A record number of young people applied to the competitive University of California system, with Latinos seeing the largest share of applicants.
More than 171,400 applicants hope to gain acceptance to one of the nine UC schools, and more than 65 percent of the applicants are from California. Amid criticism over higher numbers of out-of-state students, California has pledged to increase the number of in-state residents.
Latinos made up the largest share of applicants this year by far. Hispanics made up 37.2 percent of total applicants, an increase from 35.8 percent last year. That means 41,575 Latinos applied to all nine UC undergraduate campuses for the fall 2017 semester.
“This year’s applications affirm, once again, that Californians’ demand for a UC education keeps getting stronger,” said UC President Janet Napolitano in a statement. “This is a testament to the excellence of California’s public research university, and reinforces the imperative to continue working with our state government to preserve UC’s quality and affordability, and to ensure there is a place at the university for every deserving California student.”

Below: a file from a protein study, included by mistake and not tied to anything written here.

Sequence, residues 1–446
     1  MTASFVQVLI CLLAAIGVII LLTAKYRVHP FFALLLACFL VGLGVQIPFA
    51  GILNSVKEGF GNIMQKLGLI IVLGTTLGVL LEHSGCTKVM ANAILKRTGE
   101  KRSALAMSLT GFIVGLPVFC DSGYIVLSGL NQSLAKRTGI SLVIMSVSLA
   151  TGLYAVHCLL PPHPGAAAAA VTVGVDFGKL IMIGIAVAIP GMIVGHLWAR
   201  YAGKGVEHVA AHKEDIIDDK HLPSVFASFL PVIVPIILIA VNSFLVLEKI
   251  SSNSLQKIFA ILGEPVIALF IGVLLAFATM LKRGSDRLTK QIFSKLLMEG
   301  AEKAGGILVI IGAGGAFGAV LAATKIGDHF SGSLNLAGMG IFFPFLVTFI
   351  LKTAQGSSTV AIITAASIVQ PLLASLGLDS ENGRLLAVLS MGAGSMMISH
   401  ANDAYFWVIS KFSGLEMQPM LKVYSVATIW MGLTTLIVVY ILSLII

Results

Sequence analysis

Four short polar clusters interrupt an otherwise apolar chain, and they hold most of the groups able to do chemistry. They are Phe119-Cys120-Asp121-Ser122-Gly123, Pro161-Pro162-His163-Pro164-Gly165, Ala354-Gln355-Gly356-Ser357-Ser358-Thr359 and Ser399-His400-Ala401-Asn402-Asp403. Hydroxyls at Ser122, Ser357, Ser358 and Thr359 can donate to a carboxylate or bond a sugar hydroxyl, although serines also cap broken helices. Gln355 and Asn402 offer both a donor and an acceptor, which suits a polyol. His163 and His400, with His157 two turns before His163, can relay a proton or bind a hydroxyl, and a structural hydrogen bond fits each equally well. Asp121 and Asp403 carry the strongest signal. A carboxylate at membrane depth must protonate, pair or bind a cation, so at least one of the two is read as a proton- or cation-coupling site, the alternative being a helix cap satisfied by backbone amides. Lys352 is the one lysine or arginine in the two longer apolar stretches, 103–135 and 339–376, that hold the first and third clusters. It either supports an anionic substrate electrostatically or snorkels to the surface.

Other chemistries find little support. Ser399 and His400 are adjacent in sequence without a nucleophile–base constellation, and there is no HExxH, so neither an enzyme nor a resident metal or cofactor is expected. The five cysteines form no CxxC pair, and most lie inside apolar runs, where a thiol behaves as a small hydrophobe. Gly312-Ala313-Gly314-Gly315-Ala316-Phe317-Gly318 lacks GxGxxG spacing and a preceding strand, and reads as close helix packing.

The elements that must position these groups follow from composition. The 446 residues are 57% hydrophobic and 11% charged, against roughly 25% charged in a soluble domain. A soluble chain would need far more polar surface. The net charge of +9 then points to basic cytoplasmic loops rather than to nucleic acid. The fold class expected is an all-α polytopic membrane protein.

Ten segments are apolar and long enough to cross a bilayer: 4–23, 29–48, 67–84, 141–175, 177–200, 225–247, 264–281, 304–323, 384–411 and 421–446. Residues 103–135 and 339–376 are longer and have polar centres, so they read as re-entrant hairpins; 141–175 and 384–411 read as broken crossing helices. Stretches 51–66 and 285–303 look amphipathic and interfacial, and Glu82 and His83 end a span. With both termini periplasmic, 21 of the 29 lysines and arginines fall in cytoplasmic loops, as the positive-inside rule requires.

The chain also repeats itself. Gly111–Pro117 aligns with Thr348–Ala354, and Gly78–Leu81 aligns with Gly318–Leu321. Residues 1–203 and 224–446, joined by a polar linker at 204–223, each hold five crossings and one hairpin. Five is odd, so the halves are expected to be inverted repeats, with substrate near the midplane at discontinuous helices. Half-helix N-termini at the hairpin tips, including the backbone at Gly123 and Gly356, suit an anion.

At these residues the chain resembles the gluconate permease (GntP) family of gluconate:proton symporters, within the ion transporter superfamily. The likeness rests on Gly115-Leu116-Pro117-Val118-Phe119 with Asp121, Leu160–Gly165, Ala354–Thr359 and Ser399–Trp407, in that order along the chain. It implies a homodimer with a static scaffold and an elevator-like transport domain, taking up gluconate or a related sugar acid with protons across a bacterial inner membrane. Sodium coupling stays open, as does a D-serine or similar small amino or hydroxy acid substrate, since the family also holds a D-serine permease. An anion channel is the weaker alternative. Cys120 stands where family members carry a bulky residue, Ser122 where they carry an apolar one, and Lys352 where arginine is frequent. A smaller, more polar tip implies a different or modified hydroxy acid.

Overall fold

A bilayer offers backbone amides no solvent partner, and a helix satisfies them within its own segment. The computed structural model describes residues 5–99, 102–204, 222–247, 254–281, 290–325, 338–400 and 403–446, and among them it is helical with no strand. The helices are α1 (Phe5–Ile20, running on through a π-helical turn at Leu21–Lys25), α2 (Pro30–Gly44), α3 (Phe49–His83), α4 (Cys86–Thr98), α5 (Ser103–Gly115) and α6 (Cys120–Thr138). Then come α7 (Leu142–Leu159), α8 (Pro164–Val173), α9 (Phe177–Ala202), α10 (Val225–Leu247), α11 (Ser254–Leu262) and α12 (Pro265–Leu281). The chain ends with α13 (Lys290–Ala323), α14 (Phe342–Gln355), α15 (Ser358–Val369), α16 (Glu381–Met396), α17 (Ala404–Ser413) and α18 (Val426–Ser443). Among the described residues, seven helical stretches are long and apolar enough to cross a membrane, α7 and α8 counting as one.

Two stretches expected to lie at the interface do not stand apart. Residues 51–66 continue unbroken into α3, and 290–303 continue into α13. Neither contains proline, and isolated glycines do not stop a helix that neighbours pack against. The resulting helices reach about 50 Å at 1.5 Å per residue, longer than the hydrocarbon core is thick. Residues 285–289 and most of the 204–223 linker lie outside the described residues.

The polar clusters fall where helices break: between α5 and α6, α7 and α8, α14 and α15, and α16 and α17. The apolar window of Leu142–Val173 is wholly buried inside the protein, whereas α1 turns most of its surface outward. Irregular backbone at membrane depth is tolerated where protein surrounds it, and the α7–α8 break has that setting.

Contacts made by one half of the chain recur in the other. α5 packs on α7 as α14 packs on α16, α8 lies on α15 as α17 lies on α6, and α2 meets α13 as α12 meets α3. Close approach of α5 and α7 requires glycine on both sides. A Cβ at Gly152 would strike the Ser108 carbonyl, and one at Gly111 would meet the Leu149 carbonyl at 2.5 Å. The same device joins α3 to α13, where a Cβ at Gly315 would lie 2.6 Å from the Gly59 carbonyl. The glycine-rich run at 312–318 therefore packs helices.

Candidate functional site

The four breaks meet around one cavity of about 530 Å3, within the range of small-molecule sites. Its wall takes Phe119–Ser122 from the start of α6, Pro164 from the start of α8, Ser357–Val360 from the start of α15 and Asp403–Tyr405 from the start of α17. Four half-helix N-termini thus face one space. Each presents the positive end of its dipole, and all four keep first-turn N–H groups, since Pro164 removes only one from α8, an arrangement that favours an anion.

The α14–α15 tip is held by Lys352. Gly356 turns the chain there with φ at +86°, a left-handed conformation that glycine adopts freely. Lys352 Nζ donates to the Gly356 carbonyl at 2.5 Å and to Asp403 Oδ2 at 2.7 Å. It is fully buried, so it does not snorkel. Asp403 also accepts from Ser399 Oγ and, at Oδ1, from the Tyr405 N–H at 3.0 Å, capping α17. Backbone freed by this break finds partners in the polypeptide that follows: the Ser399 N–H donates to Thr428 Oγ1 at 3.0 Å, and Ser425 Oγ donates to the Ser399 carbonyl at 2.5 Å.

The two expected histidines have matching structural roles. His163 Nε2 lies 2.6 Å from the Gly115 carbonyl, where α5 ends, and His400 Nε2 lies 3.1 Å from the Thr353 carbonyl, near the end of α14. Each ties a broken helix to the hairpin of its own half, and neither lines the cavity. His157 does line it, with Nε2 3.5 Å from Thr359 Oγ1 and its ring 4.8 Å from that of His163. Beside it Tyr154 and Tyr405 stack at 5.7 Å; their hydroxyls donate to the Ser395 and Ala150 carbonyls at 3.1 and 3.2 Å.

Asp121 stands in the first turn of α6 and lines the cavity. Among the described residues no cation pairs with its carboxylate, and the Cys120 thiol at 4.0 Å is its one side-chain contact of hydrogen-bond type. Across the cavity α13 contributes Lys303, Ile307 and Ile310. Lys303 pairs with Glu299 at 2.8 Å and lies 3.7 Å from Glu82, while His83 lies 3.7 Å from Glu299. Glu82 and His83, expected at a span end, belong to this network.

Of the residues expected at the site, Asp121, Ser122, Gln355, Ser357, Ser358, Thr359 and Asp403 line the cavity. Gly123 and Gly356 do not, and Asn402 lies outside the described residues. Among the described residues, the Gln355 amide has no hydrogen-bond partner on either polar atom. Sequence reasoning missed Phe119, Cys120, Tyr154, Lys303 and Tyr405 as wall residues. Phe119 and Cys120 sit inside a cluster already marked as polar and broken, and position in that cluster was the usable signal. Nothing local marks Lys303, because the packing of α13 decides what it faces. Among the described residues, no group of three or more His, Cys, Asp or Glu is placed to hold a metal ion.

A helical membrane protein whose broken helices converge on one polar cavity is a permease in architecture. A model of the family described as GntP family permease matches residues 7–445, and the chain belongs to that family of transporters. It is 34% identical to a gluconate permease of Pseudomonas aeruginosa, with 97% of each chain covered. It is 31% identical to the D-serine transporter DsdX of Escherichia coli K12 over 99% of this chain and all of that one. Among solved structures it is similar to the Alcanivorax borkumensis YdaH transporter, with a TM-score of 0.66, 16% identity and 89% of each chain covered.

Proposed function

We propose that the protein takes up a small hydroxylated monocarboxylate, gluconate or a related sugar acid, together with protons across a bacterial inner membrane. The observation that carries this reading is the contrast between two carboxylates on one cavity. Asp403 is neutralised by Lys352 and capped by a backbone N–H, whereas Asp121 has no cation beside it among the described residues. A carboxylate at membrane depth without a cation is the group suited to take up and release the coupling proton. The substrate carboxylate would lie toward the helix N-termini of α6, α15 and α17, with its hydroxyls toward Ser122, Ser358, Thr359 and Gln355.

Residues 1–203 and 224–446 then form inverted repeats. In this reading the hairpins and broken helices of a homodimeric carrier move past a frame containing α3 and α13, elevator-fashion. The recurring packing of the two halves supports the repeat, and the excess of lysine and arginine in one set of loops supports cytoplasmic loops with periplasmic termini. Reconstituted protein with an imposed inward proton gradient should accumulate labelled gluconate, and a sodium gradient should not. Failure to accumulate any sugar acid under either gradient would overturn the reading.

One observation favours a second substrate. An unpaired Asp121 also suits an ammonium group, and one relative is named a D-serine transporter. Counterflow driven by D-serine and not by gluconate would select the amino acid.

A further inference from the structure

Latino students currently make up about 23 percent of the University of California's student enrollment. However, well over half of the state's public school students are Hispanic.
In the 2015-2016 academic year, over 3.36 million students, or about 54 percent of all public school students in the California public school system, identified as Hispanic or Latino, according to the California Department of Education. About 42 percent of California's millennial population is Latino, according to the Public Policy Institute of California.
In the 2016 academic year, 49,475 undergraduate students attending a UC school identified as Latino or Chicano. Latino enrollment in the UC school system has grown by more than 12,100 students since 2012.
Asian Americans made up 29.1 percent of all fall 2017 applicants, whites constituted 23.7 percent and Black students are 6.2 percent.
More applicants to UC schools would be first-generation college students, meaning they would be the first in the family to graduate with a college degree. About 46.7 percent of UC applicants this year are first-gen, compared to 45.9 percent last year.
The proportion low-income applicants grew as well, to 42.4 percent this year from 39.7 percent last year.